Attorneys With 75 Years Combined Experience Fighting For Employee Rights.

Photo of the legal professionals at Bernabei & Kabat, PLLC

Victims of sexual harassment no longer forced into arbitration

On Behalf of | Apr 13, 2022 | Sexual Harassment |

When allegations of sexual misconduct arise in the workplace, many companies in the Washington, D.C. metropolitan area, and across the nation may have procedures in place that dictate how the subsequent process will unfold. For instance, companies could include terms in employment contracts or employee handbooks that complaints of sexual harassment and other workplace discrimination claims can only be decided by arbitration. However, President Biden recently signed a bill into law that brings an end to forced arbitration in sexual harassment claims, providing victims of such unlawful behavior with new avenues through which to protect their interests and seek restitution.

End of forced arbitration

The Ending Forced Arbitration of Sexual Assault and Sexual Harassment Act was recently signed into law by President Biden. Under this new law, employers will no longer be able to use employment contract terms to force victims of sexual harassment in the workplace to resolve matters only by arbitration, and to prevent them from bringing class action claims. Employers tend to prefer arbitration because it provides employers with greater control over the situation, and it can keep similar matters out of the public eye while providing victims with limited options for legal recourse.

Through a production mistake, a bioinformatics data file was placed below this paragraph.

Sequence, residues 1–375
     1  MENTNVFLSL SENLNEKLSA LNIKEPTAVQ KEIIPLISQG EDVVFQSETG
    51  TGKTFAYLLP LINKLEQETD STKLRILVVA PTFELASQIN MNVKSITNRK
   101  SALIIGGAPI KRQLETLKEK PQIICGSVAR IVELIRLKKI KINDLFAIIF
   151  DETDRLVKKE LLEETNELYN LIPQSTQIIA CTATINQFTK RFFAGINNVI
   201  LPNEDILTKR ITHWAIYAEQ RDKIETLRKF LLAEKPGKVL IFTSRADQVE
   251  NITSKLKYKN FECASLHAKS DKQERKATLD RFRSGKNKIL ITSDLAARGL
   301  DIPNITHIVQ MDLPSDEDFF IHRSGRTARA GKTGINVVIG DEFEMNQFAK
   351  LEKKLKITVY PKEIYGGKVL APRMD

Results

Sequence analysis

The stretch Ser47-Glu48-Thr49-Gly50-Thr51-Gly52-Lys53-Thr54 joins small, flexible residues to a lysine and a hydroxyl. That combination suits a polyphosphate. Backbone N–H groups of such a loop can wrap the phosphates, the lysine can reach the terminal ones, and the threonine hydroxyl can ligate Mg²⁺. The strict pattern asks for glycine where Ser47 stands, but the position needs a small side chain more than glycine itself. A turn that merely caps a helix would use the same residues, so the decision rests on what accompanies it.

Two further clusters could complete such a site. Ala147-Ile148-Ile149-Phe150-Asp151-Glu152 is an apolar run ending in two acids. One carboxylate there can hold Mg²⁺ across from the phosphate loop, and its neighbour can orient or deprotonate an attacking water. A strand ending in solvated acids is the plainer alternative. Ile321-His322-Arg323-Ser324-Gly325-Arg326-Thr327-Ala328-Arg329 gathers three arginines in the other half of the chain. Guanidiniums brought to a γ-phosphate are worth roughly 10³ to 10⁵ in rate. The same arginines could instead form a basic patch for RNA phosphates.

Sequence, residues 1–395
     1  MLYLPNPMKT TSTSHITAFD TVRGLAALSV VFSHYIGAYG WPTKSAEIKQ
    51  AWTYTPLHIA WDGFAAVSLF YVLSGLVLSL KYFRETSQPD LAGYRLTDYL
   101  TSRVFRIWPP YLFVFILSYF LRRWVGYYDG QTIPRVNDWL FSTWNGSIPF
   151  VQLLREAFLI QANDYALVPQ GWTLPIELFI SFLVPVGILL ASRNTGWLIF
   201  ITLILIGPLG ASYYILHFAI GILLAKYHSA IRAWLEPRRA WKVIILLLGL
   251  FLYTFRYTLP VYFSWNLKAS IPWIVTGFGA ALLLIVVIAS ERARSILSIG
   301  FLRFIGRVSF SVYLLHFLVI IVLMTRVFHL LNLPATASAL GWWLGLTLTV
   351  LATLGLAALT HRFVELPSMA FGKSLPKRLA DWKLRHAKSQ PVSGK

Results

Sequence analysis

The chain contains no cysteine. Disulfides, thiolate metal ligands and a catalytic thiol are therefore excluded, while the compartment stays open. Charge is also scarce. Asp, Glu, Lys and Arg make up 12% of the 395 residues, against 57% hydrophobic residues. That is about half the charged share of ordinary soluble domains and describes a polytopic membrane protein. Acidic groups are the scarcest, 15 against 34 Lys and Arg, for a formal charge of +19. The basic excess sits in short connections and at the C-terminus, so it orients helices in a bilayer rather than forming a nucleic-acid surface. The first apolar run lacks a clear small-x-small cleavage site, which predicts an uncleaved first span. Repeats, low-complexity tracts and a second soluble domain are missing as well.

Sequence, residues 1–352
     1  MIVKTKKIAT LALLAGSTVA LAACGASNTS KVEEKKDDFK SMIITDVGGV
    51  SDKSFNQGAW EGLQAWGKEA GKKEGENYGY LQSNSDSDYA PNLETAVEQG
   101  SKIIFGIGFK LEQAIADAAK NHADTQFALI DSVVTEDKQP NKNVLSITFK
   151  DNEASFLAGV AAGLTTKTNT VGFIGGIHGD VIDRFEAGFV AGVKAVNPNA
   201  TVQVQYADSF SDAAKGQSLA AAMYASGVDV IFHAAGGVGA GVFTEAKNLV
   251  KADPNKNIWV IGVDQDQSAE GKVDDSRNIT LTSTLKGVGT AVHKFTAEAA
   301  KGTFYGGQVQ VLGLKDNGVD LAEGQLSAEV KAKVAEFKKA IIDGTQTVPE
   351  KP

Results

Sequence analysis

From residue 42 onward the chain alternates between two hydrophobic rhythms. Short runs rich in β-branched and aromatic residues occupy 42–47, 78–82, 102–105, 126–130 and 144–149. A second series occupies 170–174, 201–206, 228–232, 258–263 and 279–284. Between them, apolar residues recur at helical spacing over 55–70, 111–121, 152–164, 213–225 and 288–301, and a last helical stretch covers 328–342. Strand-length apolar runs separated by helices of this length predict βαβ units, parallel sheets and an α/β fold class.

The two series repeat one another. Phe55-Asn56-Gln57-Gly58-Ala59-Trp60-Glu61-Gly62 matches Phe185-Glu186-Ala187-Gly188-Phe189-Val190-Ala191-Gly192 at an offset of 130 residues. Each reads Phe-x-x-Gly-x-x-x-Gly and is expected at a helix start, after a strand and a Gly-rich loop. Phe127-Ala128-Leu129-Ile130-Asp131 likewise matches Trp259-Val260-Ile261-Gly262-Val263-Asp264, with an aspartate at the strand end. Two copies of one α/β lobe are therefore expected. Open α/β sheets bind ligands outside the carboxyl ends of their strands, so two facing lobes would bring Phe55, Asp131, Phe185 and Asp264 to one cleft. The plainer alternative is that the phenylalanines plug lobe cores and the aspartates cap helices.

The new law will allow victims of workplace sexual harassment the opportunity to seek accountability and compensation through litigation. This law will prohibit employers from including arbitration requirements in employment contracts for sexual harassment claims and will also nullify arbitration requirements within existing contracts. While having additional avenues from which to seek justice could prove beneficial, those who face workplace sexual harassment may still be uncertain of how best to approach the situation. Some employees may still prefer arbitration due to its confidentiality, and they can still choose that option.

Available options

Individuals in the Washington, D.C. metro area, who are subjected to sexual harassment and wish to know more about all their available options could benefit from consulting with an attorney for guidance as soon as possible. An experienced attorney can evaluate the unique circumstances a client is facing and provide insight in choosing the best path forward. Such guidance may play a vital role in helping a person develop a strategy with which to protect his or her legal rights and interests.

FindLaw Network